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Original Issue


Last August the Green Bay Packers lost a football game to the College All-Stars, and in that upsetting moment the National Football League for the first time displayed some human frailties to its business rival, the American Football League. The All-Stars who met and defeated the Packers, then champions of the world, were not yet even pro rookies and they had practiced together for only a few weeks. But they won by summoning for that one game all of their physical potential, aggressiveness and emotional determination. An AFL club facing a more experienced NFL club in a World Series game would have to do the same thing. And the AFL could win such a game.

Four years ago when the AFL was organized, a World Series game between the two leagues would have been unthinkable. But neither league is the same today. The processes that have strengthened the AFL have served to weaken the NFL, and the most obvious process is the player draft. In the last four years the AFL has signed more than 100 players selected in the first 10 rounds of the NFL draft—and the AFL is increasing its take each year. These are the choice collegians who once went exclusively to the older league. At the same time the NFL has expanded from 12 to 14 teams, thereby spreading its talent even thinner. The AFL, with only eight teams, can stock each team more solidly. It follows that as the AFL continues to gain in the yearly draft and divide that talent only eight, not 14, ways, eventually the top team in that league will be stronger than the top team in the NFL.

The AFL has closed the gap between the leagues so rapidly that it is almost as difficult today for these prize draft choices to make the grade in the still new league as in the NFL. For example, there are 109 active rookies on the 14 NFL rosters, an average of 7.8 per club in 1963. But there are only 48 rookies on the eight AFL rosters, an average of six per club. Just as revealingly, the St. Louis Cardinals, who were in contention for the Eastern Division lead in the NFL most of the year, have so many young players they might be taken for an AFL team. Twenty players on the Cardinals' 37-man squad began their careers after the AFL was organized.

The AFL status is further improved by its decreasing dependence on the NFL's oversupply of talent. No longer can it be said that the league is dominated by castoffs. In 1960 half the players in the AFL had some NFL experience. Today, of the 254 active AFL players, only 57—or less than a quarter—have an NFL history. The number diminishes each year. In fact, on the three all-AFL teams that have been selected since 1960, only 10 out of 66 all-stars have been retreads from the other league. By and large, the AFL's superstars are its own. Even on the subject of castoffs, the AFL can point to the list of the current best passers in the NFL and claim that five of the top eight—Y. A. Tittle, Frank Ryan, Earl Morrall, Ed Brown and Bill Wade—are men who have been traded away by one or more teams. What are they if not castoffs in their own right?

While all of these statistics lend encouragement to the AFL's position as a challenger, a game is never won with statistics. The question ultimately is how would the best AFL team fare against the best NFL team in a championship game were one to be held this season or next. A good comparison might be the San Diego Chargers, seemingly the AFL's best at this juncture, and the Green Bay Packers, the NFL's dominant team for three years. Against the glittering array of Packer stars—Taylor, Dowler, Ringo, Starr, Jordan, Thurston, the Kramers—what can be said for the Chargers? Well, plenty.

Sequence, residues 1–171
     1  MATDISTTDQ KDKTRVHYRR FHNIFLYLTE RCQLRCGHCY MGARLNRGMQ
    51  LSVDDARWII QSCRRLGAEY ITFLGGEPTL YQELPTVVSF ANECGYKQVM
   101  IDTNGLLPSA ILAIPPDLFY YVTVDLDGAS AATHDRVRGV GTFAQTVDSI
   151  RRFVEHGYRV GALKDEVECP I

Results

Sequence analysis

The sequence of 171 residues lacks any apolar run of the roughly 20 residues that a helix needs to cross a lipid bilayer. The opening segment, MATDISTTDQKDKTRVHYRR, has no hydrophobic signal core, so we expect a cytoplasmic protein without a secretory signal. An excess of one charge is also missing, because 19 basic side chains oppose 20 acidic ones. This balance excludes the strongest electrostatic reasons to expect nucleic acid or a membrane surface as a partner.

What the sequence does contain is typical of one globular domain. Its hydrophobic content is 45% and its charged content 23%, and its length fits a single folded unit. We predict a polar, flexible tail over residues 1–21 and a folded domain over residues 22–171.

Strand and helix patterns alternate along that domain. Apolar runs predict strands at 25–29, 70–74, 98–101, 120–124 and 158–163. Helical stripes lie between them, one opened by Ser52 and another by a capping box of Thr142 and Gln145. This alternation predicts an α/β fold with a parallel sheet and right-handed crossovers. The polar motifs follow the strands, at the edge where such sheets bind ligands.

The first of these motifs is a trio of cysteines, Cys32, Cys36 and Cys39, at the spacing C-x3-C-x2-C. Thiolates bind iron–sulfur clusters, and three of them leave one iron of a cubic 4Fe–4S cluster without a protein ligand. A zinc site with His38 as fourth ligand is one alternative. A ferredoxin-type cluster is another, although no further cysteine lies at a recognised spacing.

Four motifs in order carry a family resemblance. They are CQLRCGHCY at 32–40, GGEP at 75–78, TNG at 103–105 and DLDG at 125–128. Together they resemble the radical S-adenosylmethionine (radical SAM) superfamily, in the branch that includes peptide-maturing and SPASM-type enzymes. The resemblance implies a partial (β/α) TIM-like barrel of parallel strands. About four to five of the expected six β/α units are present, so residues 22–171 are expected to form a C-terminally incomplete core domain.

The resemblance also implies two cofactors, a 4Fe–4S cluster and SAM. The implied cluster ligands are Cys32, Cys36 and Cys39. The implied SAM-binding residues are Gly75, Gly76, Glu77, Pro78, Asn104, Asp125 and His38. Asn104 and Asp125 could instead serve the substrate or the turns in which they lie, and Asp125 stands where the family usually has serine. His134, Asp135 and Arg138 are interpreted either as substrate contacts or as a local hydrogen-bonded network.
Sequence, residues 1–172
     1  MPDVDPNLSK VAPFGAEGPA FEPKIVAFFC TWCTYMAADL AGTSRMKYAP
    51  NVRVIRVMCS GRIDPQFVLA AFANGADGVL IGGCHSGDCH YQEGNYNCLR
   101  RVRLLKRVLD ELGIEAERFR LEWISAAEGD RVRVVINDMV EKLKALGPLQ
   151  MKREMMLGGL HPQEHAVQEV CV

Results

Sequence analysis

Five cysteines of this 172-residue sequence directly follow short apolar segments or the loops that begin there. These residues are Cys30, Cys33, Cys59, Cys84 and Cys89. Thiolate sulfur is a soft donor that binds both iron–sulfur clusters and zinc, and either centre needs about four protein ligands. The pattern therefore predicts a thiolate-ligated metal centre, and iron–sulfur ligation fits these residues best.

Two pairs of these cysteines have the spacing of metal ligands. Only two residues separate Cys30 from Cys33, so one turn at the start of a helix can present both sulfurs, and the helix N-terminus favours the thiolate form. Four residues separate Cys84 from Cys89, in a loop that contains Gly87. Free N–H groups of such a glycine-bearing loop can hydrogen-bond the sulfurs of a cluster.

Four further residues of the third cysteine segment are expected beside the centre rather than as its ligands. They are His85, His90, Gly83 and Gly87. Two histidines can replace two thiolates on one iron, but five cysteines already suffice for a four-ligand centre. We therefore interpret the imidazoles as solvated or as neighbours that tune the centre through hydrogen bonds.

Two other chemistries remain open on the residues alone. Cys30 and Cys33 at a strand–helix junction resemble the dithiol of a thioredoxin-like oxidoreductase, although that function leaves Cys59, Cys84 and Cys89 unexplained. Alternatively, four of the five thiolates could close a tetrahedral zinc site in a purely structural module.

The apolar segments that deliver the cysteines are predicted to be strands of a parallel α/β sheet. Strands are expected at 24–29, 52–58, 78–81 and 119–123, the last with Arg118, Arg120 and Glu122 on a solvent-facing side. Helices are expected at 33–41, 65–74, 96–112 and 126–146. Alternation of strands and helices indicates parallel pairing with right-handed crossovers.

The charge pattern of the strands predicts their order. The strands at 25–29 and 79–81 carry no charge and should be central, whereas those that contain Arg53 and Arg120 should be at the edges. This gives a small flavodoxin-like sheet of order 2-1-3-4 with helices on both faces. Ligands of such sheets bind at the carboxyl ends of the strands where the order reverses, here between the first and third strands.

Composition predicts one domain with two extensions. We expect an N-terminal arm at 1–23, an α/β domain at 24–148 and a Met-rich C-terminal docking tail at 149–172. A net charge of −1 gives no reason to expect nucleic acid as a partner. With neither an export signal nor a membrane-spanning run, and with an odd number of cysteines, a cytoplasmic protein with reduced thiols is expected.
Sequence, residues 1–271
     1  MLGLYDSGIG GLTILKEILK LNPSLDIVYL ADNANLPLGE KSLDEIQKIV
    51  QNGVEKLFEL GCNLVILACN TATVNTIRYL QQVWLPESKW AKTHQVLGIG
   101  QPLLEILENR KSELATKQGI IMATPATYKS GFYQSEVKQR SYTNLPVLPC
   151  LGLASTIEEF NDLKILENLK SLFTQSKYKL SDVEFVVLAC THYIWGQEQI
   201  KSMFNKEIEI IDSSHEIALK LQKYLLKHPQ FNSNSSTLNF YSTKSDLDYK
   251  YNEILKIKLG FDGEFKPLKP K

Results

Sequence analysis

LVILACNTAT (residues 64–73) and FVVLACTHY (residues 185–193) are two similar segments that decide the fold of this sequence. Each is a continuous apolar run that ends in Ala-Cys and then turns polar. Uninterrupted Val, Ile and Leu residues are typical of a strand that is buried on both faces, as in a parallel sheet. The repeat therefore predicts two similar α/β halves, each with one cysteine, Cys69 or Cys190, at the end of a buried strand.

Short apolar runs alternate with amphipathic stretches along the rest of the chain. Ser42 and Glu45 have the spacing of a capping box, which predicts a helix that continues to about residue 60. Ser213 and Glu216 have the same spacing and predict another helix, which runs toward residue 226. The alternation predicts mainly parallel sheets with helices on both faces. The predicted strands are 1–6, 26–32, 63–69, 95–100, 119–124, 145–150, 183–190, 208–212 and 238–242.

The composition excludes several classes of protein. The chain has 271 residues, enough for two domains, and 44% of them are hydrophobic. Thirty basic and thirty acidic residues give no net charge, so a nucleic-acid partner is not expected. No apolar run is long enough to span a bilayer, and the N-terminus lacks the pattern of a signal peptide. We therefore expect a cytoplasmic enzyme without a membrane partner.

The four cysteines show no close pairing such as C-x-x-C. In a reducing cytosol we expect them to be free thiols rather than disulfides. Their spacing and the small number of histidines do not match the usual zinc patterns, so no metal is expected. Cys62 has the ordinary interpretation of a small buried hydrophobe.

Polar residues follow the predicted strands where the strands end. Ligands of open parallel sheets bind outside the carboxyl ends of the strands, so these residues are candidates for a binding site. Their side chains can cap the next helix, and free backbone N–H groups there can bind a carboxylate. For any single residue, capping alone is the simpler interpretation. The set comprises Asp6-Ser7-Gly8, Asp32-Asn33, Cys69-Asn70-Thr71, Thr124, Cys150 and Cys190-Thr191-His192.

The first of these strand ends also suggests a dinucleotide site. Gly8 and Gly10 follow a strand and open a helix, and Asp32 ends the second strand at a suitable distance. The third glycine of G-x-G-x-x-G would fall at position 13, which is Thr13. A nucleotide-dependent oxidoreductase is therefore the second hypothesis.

First of all, San Diego is a first-class organization that is as old as one team in the NFL, Dallas, and a year older than another, Minnesota (a team that won three games in its first NFL season). San Diego has been guided by a coach and general manager, Sid Gillman, who carries more experience than 12 of the 14 NFL coaches and was himself a division winner as coach of the Los Angeles Rams in 1955. The Chargers have never had a poor draft. As a matter of fact, 20 of their 33 players today have come from among the NFL's top 10 rounds. Thirteen were from the top five rounds. And four Chargers—Ron Mix, John Hadl, Lance Alworth and Rufus Guthrie—were No. 1 draft choices of NFL teams. Eleven members of the team have played together for four seasons. It is a team with two quarterbacks—Tobin Rote (see cover) and John Hadl—who certainly measure up to Green Bay's Bart Starr and John Roach. It is a team with a pair of running backs, Paul Lowe and Keith Lincoln, that any NFL club would trade for. Lowe's breakaway ability is unmatched in the Packer back-field. It is a team with Flanker Lance Alworth, as fast as any man in a football suit. It is a team with at least two of the best blocking linemen in football, Ron Mix and Ernie Wright—and Mix may be without a peer. It is a team that embraces such defensive stalwarts as 6-foot-9, 317-pound Ernie Ladd and 6-foot-5, 256-pound Earl Faison. In the final analysis, it is a team with speed, size, savvy, wise direction from the sidelines—a team that would have an intangible emotional edge in a World Series game against an NFL opponent. The NFL team, of course, would deserve to be favored, but it would not necessarily win.